Belmont’s Ngalla Maya to train and education more former Indigenous inmates after receiving grant


Ngalla Maya founder Mervyn Eades, business development manager Aaron Baker and his daughter Zeniah Woods happily receive the money from Impact100 Fremantle.
Ngalla Maya founder Mervyn Eades, business development manager Aaron Baker and his daughter Zeniah Woods happily receive the money from Impact100 Fremantle.

BELMONT organisation Ngalla Maya will be able deliver training and education to former Indigenous inmates in Fremantle after receiving a $100,000 grant.

The organisation received the money as part of the Impact100 Fremantle project, which asks 100 donors to each to contribute $1000 annually to help charities and projects.

Ngalla Maya founder Mervyn Eades said the grant would allow the organisation to do work in Fremantle three days per week.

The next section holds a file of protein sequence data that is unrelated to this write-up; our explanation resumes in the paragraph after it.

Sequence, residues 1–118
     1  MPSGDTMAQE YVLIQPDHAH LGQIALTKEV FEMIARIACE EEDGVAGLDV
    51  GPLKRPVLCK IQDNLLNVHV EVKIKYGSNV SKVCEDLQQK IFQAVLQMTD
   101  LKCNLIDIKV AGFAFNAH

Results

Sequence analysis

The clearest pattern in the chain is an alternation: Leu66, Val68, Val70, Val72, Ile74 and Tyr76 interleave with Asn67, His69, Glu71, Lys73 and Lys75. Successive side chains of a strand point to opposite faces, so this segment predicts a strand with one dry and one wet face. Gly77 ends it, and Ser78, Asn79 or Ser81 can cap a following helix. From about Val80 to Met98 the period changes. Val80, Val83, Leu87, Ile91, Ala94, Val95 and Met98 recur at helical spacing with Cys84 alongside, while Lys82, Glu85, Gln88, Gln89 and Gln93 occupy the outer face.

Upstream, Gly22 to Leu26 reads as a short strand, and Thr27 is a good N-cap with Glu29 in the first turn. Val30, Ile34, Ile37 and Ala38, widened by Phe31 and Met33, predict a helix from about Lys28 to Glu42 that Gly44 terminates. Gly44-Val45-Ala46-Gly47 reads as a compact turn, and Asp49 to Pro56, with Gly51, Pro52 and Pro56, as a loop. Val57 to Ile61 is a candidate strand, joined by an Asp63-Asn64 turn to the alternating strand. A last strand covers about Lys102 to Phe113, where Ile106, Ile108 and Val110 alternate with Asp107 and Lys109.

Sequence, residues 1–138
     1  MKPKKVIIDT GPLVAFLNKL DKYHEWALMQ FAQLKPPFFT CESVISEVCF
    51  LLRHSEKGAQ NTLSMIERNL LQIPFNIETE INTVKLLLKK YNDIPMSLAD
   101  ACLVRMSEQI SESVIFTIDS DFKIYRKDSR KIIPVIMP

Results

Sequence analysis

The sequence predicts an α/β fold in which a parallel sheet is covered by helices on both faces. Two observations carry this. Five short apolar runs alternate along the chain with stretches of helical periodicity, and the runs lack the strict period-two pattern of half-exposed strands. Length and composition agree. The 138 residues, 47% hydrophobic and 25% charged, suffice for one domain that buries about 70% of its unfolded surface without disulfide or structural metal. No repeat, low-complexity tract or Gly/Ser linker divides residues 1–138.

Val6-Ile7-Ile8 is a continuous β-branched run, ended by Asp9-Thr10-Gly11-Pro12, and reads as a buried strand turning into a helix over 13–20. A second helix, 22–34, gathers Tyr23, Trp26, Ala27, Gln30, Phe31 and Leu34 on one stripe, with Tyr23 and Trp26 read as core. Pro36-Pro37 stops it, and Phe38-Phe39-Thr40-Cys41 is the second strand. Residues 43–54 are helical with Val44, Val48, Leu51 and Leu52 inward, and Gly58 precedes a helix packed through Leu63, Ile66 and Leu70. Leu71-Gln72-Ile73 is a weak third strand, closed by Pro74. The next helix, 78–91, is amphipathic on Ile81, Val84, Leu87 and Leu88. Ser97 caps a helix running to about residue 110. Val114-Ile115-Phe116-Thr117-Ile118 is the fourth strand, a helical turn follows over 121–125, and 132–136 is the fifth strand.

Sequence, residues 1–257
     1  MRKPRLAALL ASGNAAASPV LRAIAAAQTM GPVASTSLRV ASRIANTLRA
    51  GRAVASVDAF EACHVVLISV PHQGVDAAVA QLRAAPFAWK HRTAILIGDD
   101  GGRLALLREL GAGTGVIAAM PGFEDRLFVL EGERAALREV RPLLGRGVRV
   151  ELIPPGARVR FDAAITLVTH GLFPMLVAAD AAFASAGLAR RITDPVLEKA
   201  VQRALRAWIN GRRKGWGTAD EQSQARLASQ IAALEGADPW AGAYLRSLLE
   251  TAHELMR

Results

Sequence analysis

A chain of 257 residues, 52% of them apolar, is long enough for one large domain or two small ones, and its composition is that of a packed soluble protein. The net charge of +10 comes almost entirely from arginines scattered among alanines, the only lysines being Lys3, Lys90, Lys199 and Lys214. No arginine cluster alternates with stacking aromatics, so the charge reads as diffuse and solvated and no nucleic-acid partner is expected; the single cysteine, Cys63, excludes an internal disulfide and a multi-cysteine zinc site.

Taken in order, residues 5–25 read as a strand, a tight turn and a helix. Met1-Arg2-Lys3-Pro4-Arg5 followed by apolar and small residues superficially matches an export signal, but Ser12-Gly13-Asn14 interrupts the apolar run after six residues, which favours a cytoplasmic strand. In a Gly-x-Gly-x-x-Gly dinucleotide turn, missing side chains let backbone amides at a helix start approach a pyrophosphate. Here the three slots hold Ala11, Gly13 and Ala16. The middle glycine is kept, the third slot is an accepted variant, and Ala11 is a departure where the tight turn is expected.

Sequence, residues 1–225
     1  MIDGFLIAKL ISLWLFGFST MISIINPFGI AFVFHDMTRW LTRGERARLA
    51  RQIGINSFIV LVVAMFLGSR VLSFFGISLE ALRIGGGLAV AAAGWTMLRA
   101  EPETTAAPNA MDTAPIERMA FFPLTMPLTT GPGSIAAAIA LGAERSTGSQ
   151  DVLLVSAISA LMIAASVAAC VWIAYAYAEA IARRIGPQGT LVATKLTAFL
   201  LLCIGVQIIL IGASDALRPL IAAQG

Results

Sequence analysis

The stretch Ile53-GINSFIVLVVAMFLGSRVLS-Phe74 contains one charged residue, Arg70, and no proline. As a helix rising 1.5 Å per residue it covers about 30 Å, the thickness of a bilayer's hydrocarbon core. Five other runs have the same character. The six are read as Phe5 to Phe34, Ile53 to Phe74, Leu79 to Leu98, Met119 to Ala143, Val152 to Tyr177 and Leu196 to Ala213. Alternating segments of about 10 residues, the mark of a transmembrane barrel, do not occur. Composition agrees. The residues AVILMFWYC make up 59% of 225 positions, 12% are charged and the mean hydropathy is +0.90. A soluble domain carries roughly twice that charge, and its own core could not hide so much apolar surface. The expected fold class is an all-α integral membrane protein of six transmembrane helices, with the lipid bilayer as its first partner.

“We’ll have a small vehicle to make house visits and be able to hire an employee,” he said.

“This will allow us to do the same training and work we’ve been doing around Belmont and help people gain employment and give them hope.

“Fremantle is an important area because lots of our boys and girls live around Coolbellup and Hamilton Hill.”

Mr Eades said his he was thankful to Impact100 Fremantle for the grant.

“I was happy enough to be in the final four but I felt overwhelmed that Ngalla Maya was the major grant recipient,” he said.

“Our program has been a huge success but I’d like to see us based in Armadale, Mirrabooka and all through the city and regional areas.

“I’d say that 230 or 240 people have come through the program and 140 of those have been able to secure employment.

“The money will allow us to continue delivering the program in a culturally sensitive way to our people.”

The three other finalists Fremantle PCYC, MyKy and Koora Wadi Supported Playgroup each received $5000.

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